Clothing designers inspired by traditional Mexican motifs, embroidery and colors are exhibiting their work at a fashion fair in Mexico City promoted by the government to support marginalized indigenous communities.
Traditional blouses made by the Tzotzil people of Chiapas, embroidered patterns from Michoacan and shirts from Oaxaca were among the garments on show at the first of seven parades at the "Original" event.
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"The creation of each product made in our community is a legacy of our ancestors," said Carlos Alberto Delgado Martinez, one of around 500 exhibitors at the event, which runs until Sunday at the Los Pinos former presidential residence.
"It's important that we artisans save our culture and defend it from plagiarism because each garment has a meaning. Each embroidery has an explanation," he added.
As with the first edition in 2021, "Original" aims to fight what Mexico calls plagiarism of indigenous textiles by foreign clothing brands, and to create a more equitable fashion industry.
"We're not opposed to (the big fashion houses) using motifs of pre-Hispanic origin" as long as they recognize "the intellectual work and creativity" of Mexican artisans, President Andres Manuel Lopez Obrador said Friday.
"The government is pursuing a policy of rehabilitating the dignity of indigenous peoples," Lopez Obrador's spokesman Jesus Ramirez Cuevas told AFP.
"Mexico would not be what it is without its indigenous peoples," he said, underlining the government's social programs for impoverished such communities.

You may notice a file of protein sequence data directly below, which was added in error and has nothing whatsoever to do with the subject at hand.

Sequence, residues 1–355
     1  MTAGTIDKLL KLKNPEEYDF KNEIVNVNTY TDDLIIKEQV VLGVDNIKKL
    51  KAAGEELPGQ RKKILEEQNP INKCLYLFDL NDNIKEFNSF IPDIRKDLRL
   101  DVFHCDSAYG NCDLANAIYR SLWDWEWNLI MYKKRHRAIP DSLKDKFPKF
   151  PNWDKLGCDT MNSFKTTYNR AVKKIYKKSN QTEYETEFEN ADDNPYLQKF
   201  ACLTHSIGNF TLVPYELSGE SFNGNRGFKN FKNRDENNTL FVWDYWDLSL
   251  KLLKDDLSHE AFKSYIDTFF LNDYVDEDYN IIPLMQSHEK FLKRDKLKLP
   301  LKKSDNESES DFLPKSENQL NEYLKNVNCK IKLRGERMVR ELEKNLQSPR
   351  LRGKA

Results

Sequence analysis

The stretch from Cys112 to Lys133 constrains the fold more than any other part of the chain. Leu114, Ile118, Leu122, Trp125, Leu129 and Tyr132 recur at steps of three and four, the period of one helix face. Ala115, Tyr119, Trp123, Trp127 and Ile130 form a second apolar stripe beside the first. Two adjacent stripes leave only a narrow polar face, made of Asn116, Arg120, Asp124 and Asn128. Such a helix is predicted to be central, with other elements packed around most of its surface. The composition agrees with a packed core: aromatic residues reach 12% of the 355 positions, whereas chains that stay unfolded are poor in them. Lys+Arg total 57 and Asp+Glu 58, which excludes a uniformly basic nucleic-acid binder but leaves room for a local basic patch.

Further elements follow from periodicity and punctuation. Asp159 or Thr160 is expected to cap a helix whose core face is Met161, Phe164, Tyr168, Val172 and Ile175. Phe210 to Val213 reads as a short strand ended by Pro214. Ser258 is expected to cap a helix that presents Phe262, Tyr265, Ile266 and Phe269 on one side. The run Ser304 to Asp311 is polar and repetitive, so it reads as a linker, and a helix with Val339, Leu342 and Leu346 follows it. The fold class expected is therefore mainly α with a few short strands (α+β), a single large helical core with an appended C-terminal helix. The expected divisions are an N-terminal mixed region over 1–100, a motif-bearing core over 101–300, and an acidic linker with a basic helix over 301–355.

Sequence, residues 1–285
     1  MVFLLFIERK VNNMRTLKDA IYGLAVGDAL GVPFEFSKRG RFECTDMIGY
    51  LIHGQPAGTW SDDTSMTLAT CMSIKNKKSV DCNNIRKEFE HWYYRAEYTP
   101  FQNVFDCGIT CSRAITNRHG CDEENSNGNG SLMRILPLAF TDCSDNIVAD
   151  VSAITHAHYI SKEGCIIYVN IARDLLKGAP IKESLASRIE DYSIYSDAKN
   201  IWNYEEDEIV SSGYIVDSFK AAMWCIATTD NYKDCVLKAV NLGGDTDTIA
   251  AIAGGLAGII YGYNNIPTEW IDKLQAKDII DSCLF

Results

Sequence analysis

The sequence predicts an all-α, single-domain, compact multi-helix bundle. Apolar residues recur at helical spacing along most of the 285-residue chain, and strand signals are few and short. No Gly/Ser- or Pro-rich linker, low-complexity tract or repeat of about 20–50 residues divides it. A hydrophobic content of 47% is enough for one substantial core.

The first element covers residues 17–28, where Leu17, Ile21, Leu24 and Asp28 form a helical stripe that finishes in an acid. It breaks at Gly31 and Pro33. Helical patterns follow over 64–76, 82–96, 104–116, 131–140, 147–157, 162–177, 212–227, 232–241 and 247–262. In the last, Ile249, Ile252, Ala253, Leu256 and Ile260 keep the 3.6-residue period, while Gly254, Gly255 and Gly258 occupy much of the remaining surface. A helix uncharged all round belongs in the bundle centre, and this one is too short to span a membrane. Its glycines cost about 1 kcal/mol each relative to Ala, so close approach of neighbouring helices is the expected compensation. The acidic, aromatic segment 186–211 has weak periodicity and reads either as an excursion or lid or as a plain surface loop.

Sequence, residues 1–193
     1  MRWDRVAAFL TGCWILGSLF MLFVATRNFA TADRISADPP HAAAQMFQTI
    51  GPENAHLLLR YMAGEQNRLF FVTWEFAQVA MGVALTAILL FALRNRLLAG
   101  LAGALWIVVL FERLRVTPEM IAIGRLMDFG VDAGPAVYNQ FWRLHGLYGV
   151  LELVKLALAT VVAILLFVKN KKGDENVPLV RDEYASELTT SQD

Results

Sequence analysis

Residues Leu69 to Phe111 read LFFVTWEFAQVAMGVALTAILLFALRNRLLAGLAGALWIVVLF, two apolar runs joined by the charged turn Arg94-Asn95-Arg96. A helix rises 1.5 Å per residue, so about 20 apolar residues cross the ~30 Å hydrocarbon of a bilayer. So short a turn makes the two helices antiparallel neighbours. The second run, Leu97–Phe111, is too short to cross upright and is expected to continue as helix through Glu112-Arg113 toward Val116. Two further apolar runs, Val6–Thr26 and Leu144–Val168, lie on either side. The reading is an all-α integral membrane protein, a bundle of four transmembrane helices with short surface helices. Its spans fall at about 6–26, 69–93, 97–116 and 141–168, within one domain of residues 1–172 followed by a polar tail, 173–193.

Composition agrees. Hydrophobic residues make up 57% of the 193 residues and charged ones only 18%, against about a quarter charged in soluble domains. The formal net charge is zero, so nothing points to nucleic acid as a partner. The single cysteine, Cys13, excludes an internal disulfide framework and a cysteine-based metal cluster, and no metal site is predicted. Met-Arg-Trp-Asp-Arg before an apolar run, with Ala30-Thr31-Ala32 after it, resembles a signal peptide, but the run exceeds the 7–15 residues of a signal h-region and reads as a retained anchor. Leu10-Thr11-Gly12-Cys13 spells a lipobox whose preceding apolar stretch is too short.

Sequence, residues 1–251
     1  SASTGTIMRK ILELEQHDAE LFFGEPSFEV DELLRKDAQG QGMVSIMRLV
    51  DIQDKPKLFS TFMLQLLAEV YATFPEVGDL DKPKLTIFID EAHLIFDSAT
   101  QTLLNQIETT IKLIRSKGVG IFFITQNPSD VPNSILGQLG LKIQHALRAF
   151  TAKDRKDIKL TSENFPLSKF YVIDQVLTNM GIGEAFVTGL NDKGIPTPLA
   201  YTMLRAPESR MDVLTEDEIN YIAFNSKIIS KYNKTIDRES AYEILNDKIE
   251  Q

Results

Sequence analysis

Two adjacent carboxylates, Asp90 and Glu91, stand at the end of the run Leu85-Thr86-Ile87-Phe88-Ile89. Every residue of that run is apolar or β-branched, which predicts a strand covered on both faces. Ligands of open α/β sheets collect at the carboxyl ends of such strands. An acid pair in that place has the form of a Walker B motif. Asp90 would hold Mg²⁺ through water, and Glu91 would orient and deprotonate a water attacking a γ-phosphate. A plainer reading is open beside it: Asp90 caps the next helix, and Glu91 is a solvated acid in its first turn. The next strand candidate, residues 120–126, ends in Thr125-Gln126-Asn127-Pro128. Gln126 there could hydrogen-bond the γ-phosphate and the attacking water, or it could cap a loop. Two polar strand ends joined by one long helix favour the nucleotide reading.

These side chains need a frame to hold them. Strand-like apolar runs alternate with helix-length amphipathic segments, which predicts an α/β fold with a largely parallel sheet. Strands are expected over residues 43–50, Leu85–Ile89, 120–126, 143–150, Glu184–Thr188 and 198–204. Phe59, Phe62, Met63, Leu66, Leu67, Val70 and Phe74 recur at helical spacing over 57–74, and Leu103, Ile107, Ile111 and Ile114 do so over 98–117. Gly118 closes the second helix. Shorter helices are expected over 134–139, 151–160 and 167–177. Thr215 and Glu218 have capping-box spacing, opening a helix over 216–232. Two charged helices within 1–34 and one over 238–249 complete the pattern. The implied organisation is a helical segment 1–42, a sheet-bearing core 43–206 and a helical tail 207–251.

"It's time for them to play a central role in the construction of the (country's) identity. Today, we recognize their art," he added.
Mexico has lodged several complaints against major clothing brands including Zara, Mango and SHEIN for alleged cultural appropriation.
Last month it won an apology from US fashion house Ralph Lauren after Lopez Obrador's wife Beatriz Gutierrez accused it of plagiarizing indigenous designs.
French designer Isabel Marant also apologized in 2020 for the use of the traditional patterns from an indigenous community.
Mexico's culture ministry has called for "ethical collaboration" between clothing brands and artisans.
"No to plagiarism. No to cultural appropriation. Yes to original creations and the communities behind them," culture minister Alejandra Frausto said.
The government is also trying to retrieve pre-Hispanic archaeological pieces from abroad and stop foreign auctions of such items that Lopez Obrador has branded "immoral."
"You want to buy Mexican art? Buy this one, which is alive," Frausto said, pointing to models dressed in blouses, shirts and belts made by indigenous artisans.
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